European Parliament imposes content quota for streamers

VOD platforms like Netflix and Facebook will need to commit at least 30% of their programming to local productions.

shutterstock_european unionThe European Parliament has voted on new rules that mandate video-on-demand (VOD) platforms like Netflix and Facebook must commit at least 30% of their programming to content produced in the region.

Moreover, these platforms will be required to contribute to the development of European content, either through direct investment or by contributing to national content funds. “The level of contribution in each country should be proportional to their on-demand revenues in that country (member states where they are established or member states where they target the audience wholly or mostly),” states a release announcing the decision.

The European decision comes as Canada is in the midst of a review of the Broadcasting and Telecommunications actswith an aim to modernize the legislation for the digital age.

The Canadian government has previously stressed, however, that it won’t charge a sales tax on foreign-based streamers or collect a content levy from services like Netflix. That stance has come under fire from critics, with the Quebec government set to start charging sales tax on foreign-based digital services in 2019.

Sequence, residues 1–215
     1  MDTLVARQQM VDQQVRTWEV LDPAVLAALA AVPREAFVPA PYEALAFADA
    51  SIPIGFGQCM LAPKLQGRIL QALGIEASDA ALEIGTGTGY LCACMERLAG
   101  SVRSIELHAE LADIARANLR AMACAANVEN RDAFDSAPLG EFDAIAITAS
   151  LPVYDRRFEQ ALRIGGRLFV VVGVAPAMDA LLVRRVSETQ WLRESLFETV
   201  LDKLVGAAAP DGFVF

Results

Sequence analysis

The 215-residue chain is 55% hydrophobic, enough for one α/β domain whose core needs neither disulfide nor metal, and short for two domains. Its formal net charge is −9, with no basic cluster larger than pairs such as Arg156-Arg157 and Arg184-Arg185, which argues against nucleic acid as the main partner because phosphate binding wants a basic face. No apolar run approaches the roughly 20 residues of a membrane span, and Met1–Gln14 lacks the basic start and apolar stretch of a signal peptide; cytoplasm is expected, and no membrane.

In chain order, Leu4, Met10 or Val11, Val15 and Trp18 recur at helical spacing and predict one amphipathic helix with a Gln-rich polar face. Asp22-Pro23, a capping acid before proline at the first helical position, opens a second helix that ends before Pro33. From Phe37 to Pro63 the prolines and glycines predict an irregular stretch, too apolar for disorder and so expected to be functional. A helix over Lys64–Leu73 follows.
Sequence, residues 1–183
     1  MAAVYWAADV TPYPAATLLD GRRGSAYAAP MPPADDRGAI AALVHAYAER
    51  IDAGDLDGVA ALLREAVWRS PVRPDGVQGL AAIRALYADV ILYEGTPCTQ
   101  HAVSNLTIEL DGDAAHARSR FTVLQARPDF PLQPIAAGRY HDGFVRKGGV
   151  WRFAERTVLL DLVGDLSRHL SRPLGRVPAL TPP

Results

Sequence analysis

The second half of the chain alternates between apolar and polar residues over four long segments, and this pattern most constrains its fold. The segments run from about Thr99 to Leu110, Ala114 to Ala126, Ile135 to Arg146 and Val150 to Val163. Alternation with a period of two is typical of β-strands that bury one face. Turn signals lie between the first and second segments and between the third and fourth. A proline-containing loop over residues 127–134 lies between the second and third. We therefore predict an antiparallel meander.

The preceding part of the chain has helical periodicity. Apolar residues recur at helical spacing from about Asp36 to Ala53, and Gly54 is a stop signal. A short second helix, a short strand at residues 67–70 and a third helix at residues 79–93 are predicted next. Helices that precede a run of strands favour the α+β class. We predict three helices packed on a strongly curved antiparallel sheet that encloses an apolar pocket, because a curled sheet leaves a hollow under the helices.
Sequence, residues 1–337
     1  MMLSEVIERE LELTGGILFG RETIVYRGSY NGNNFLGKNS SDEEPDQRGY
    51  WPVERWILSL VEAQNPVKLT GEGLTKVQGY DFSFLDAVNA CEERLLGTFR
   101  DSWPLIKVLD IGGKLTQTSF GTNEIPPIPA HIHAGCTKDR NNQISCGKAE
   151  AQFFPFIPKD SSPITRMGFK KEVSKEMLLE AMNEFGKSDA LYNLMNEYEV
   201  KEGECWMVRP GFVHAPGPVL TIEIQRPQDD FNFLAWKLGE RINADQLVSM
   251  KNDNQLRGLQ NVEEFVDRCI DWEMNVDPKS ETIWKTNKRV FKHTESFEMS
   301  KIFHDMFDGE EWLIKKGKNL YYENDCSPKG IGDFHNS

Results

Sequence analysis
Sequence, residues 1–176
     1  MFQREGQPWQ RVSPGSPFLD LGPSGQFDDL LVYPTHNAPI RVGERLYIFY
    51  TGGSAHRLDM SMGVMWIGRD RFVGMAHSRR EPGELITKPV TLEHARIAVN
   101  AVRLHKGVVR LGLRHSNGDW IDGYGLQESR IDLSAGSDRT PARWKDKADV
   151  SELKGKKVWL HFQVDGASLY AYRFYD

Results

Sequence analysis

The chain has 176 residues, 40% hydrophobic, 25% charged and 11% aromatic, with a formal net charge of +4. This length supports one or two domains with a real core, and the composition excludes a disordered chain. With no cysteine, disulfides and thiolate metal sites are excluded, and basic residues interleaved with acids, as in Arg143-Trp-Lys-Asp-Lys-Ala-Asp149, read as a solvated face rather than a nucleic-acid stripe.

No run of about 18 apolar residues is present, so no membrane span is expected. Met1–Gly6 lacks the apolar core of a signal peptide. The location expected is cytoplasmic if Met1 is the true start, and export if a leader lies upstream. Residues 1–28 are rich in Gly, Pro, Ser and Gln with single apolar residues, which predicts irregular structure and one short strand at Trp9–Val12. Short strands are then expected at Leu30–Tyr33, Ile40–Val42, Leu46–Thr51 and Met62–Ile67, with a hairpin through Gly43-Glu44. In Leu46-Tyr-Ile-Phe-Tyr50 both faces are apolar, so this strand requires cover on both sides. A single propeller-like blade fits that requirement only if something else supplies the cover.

In a nod to the changing digital landscape, however, the CRTC recently recommended the government require internet service providers and wireless internet providers to contribute to the content funding system in the same manner as BDUs.

Public consultations on the review of the acts is currently underway, with an independent panel required to submit a report to the feds by Jan. 31, 2020.

In its decision announced Oct. 2, the European Parliament also voted that media service providers need to have appropriate measures in place to combat content inciting violence, hatred and terrorism. The decision also imposes measures on VOD platforms to ensure data collected from children are not processed for commercial use.

The regulations still need to be formally approved by the Council of EU ministers. Member States will then have 21 months to add the new rules to their national legislation.

Members of the EU include France, Germany, Greece, Portugal, Spain and Sweden.